• The ability to develop and present arguments logically in both written and verbal forms are developed through various assessment and teaching methods. Such skills are essential for practitioners in formulating and justifying HR decisions in the workplace.
  • Team working and interpersonal skills are encouraged through seminar exercises and, in the development and delivery of a team 'learning event' on the module HRMU9LD
  • The dissertation commonly involves students conducting their own empirical research which is also a necessary skill within organisations in order to provide robust and systematic evidence of organisational issues and the effectiveness of HR interventions.
  • The programme also helps students to learn how to work independently and manage their own time.

What makes us different?

The University of Stirling’s HRM degree takes an approach which provides students with the essential critical thinking and analytical skills needed to manage and thrive in today’s organisations. The degree is not prescriptive and encourages students to critically examine organisational policies as well as claims made about employment and the labour market more widely. As such, HR ‘best practice’ is questioned throughout the degree. The Working Lives Group, within the Management, Work & Organisation Division, which houses the degree, has a focus that goes beyond traditional businesses to include the public and non-profit sectors, community organisations and employee-owned organisations. 

Human Resource Management Undergraduate Dissertation Prize

A research-based prize of £200 is open to all students undertaking the Human Resource Management dissertation and is awarded to the student who submits the best undergraduate dissertation.  The prize may be shared if more than one dissertation achieves the highest mark.

World-class library and teaching facilities

Studying for a degree means learning in different ways; managing your own time; conducting research; mastering new computer skills. We have the facilities and advice on hand to help you do all this - and do it well.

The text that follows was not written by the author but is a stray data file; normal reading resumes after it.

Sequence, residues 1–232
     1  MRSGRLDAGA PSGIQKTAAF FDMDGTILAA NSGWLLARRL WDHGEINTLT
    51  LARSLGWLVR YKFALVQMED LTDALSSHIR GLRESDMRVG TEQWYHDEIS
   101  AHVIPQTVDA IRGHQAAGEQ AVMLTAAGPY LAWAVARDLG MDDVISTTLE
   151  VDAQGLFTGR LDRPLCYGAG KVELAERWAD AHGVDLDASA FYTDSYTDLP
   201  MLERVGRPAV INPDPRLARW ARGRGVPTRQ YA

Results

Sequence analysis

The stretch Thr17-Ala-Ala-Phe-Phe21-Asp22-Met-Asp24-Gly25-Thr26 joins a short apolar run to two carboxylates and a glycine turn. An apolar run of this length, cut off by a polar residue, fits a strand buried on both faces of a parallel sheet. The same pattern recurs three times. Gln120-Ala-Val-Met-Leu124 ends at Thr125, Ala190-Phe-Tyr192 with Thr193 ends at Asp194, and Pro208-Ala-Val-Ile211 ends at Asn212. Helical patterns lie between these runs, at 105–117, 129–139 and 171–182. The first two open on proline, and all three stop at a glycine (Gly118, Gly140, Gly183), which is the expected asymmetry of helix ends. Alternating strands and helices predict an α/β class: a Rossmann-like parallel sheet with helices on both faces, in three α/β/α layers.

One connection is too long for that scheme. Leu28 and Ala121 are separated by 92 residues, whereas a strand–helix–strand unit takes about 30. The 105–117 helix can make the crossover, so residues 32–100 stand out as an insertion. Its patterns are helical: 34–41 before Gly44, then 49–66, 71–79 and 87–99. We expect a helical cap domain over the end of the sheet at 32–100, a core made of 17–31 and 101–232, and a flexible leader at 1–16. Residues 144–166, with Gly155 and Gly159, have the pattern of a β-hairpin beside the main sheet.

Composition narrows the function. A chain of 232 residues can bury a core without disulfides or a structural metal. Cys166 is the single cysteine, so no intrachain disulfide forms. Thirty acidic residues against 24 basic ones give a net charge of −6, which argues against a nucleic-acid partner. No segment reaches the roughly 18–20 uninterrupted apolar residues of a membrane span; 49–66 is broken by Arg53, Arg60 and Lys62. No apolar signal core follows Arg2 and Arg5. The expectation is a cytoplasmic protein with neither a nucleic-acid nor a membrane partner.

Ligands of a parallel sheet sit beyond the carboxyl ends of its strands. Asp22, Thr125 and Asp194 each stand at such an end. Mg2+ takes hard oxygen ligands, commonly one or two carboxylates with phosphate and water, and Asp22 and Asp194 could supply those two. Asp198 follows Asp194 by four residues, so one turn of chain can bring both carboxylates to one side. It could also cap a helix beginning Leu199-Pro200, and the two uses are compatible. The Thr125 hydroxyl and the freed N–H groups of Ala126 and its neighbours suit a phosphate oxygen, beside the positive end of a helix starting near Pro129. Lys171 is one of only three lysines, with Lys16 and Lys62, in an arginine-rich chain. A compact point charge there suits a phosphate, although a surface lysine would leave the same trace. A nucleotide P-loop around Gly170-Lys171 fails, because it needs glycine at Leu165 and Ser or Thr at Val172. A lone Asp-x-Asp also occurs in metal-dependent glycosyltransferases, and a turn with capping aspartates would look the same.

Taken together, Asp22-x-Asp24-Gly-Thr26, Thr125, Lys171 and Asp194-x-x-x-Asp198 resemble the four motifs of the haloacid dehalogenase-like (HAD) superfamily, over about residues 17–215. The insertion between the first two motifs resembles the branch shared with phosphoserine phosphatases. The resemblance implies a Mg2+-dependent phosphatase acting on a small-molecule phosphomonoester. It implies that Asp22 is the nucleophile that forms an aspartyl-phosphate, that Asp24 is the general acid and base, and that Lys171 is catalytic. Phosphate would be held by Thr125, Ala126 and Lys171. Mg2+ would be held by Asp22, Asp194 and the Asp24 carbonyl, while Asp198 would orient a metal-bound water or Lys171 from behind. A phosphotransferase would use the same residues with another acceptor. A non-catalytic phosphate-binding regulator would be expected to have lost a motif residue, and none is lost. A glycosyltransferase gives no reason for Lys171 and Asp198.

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Life at Stirling

Of the many reasons students come to Stirling, such as academic reputation and research standards, one factor is always cited: the outstanding beauty of the University's Stirling campus. View our online films to get a picture of what it's like to live and study on our beautiful campus.

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Entry requirements

Academic requirements

Four-year Honours degree

SQA Higher:
ABBB - one sitting.
AABB - two sittings.

GCE A-level:

IB Diploma:
32 points

BTEC (Level 3):

Three-year Honours degree

SQA Adv. Higher:

GCE A-level:

IB Diploma:
35 points

Other qualifications

Year one minimum entry
Scottish HNC/D - Bs in graded units
English, Welsh and NI HNC/D - Merits and Distinctions.

Advanced entry
Year 2 or year 3 entry may be possible with an HNC/D in Human Resource Management or other related subject. Please consult our Advanced Entry pages for more information.

Access courses:
Access courses and other UK/EU and international qualifications are also welcomed.


Foundation Apprenticeships


considered to be equivalent to 1 Higher at Grade B

Additional information

General entrance requirements apply
Mathematics Standard Grade (3), National 5 (C), Intermediate 2 (C), GCSE (C) or equivalent.
If examinations are taken over two sittings, or there are repeats or upgrades, the entrance requirements may be higher.

INTO University of Stirling